Lloyds to Claw Back Bonuses (Amy J)

By MAX COLCHESTER

LONDON—Lloyds Banking Group PLC will reduce some of the bonuses awarded to top executives in 2010 following an insurance misselling scandal that resulted in the U.K bank handing hefty compensation to consumers, a person familiar with the matter said Monday.

Last year, Lloyds set aside £3.2 billion ($5.06 billion) to compensate consumers who were wrongly encouraged to buy payment protection insurance. PPI was often sold alongside loans to insure that the borrowers could continue repayments if they lost their jobs or fell ill. U.K consumer groups have alleged that this was missold to many consumers who didn’t qualify or weren’t even aware they had purchased the insurance.

Following pressure from shareholders and the U.K. government, which owns a 41% stake in the bank, Lloyds will look to reduce some of its top executives’ 2010 bonuses, according a person familiar with the matter. These bonuses are set to vest in 2013.

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Bloomberg NewsFormer Lloyds chief executive Eric Daniels.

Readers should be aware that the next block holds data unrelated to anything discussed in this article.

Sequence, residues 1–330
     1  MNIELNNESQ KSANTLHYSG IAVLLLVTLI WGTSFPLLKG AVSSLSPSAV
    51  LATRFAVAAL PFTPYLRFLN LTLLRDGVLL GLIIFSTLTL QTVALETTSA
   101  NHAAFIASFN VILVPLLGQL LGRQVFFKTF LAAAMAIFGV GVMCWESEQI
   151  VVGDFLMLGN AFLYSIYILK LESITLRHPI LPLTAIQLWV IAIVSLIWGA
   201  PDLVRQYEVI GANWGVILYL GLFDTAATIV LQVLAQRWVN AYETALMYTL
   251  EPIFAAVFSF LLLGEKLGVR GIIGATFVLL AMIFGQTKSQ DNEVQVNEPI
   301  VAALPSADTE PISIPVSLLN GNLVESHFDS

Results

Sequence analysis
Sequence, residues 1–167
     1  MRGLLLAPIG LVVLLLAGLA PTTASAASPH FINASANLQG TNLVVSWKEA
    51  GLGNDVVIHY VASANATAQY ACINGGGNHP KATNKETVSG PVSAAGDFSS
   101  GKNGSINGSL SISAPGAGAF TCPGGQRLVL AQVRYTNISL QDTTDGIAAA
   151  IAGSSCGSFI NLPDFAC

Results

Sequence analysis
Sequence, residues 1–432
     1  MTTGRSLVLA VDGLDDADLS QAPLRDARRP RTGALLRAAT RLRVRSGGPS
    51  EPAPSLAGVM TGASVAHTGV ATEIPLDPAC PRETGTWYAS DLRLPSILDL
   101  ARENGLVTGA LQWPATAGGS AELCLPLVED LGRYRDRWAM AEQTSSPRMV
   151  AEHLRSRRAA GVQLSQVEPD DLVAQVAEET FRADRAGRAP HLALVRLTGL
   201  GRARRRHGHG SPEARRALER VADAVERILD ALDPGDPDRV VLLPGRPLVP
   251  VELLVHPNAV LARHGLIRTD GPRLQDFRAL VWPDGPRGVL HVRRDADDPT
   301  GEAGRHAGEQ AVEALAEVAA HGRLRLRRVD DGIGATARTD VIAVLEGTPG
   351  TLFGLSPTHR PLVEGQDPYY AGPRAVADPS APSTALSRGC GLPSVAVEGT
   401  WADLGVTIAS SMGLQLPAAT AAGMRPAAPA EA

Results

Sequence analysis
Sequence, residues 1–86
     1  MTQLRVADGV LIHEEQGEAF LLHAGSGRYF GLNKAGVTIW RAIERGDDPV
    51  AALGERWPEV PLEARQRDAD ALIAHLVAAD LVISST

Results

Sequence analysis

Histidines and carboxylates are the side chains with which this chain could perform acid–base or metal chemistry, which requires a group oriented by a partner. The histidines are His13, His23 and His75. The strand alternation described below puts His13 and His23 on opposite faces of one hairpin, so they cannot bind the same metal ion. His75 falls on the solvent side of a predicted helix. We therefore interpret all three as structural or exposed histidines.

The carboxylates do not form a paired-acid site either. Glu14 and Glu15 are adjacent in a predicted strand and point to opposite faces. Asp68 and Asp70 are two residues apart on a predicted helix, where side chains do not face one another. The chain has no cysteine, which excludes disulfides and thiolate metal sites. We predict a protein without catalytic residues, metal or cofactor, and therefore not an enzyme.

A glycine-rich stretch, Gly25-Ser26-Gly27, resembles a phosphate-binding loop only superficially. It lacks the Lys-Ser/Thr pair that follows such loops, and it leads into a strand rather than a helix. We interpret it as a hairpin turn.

A spokeswoman for Lloyds declined to comment on the decision or the amounts by which the company’s chairman and other top executives would see their bonuses reduced.

The decision is the first time that a major U.K. bank has exercised a “claw back” option on bonuses. The ability to reclaim bonuses was introduced by the U.K. financial regulator, the Financial Services Authority, in 2009 in an attempt to better link pay to performance.

Following the PPI scandal, U.K. banks have set aside an estimated £6 billion to cover for eventual claims. Payments continue to weigh on the banks’ balance sheets and stoke shareholder ire. Accordingly, the decision by Lloyds could spur competitors such as Royal Bank of Scotland Group PLC to follow suit, analysts say.

RBS has already set aside £850 million to cover PPI claims, a spokeswoman for the bank said. HSBC Holding PLC has provisioned $440 million, and Barclays PLC said it is earmarking £1 billion for PPI customers.

Lloyds is expected to give further details about the bonus reduction when it reports full-year earnings Friday. One person affected could be the bank’s former chief executive, Eric Daniels, who stepped down last February. He was awarded a £1.45 million bonus for 2010. Mr. Daniels’s successor, Antonio Horta-Osório, gave up his 2011 bonus after taking several months’ sick leave.

via WSJ

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This blog and its accompanying Twitter account have been established as social media learning tools for the Internal Communications and Employee Engagement class at Columbia College Chicago. Through this blog, we will share our observations about current events, change management and employee communications theory, and the application of social media in shaping employee engagement.
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